If you don’t want to buy one big policy, another option is to create a “layered” life insurance plan with terms that will cover you for thirty years. The idea is that as you get older, you have more assets to leave behind, so you need less insurance. While you may need $300,000 in coverage when you’re thirty, you may have more than $300,000 in assets by the time you are sixty.

So, by creating a layered policy, you get more insurance in your early years and then less insurance (and saving on premiums) later down the line. Such a plan could include a $100,000 30-year plan, a $100,000 20-year plan and a $100,000 10-year plan. So, in the first ten years you’ll be insured for $300,000; between years eleven and twenty, you’ll be covered for $200,000, and in the last ten years you’ll only be covered for $100,000.

“You project your need based on today and at several breakpoints in the future. It could cut the premiums in half and maybe allow you to afford more coverage earlier on,” said Pitzl.

Marriage does have some financial advantages

I recently wrote a piece for Interest.com about how a friend with benefits is nice but a spouse with benefits is better.

People spew a lot of negative stuff about marriage these days but the reality is that if you’re already in a long committed relationship and have been living together for years, there could be some great financial benefits with tying the knot. Of course, no one would suggest marrying for money or tax savings but there are a few advantages that come with making the commitment.

Advantage 1. Two is better than one.

Let’s face it. Whether you’re trying to lug a sofa upstairs or trying to save for a house, two is always better than one. It’s good when someone has your back and can lend you a hand. When you’re married, you’ve got two incomes and two brains working together.

Hopefully you have double the assets or at least a little more money than you would if you were single. It’s even better if you’re both on the same page about investing, saving for your future and staying out of debt. You get a lot more financial security in so many ways. Even if one spouse stays at home or is a student, there’s the potential for future earnings.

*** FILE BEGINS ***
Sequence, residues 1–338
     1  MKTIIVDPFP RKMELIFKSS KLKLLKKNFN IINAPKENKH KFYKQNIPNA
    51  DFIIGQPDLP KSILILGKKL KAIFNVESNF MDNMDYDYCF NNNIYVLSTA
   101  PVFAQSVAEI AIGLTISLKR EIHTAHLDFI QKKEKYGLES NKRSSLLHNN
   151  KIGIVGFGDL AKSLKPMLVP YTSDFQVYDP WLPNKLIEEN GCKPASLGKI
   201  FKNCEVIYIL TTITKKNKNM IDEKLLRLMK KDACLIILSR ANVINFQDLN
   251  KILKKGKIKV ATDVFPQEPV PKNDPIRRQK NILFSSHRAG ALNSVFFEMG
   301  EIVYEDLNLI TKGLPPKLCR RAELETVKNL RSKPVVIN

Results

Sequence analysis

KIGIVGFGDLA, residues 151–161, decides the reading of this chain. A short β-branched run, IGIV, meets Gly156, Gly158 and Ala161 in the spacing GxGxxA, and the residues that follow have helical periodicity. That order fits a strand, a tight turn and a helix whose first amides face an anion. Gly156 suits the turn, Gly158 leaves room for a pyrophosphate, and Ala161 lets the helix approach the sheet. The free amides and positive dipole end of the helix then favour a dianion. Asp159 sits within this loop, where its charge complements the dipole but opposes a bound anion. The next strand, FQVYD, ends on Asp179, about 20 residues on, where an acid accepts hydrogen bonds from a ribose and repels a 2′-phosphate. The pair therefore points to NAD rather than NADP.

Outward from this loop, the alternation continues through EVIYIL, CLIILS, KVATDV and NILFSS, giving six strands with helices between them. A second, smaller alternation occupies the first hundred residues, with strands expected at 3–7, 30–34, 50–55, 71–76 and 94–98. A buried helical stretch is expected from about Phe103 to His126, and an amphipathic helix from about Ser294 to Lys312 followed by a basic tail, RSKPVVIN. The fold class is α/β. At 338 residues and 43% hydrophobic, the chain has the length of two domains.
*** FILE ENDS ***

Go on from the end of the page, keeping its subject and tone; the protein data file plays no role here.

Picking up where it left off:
Some married couples keep their finances separate, some merge them. But in any case, you both will be working together for your common good. Through compounding, your investments can grow even faster if you’re saving twice the money. While you think you may have all of these things with a “friend with benefits,” your commitment is that much stronger when you’re married. You’re not only joined financially, emotionally and physically — you’re joined legally.

Advantage 2. You can have more health insurance options.

While more companies are offering benefits to unmarried partners nowadays, you still have the most options when you’re married. If you’re both employed at companies that offer health insurance, you then get two options to choose from. Pick the best and least-expensive coverage, then decline benefits at the other company. If you’re self-employed, having a spouse with health insurance benefits at work can be a lifesaver.

Because your only other option would be to get an individual plan on the open market, you may save 50% or more in premiums should you be insured through a spouse’s plan at an employer. Also, an employer’s plan usually isn’t going to decline you based on any preexisting conditions. Regardless of your medical history, you should get the same rate that other spouses would. How much you save will depend on the individual company plan. Some companies will cover up to 80% of an employee’s premiums but won’t cover anything for spouses.

Advantage 3. You can save big on taxes.

When you’re married, you have the option to file your taxes jointly or separately. What is best for you depends on your income, deductions and various other factors. But at least there is the opportunity that you can save on taxes. In some cases, it can add up to thousands of dollars.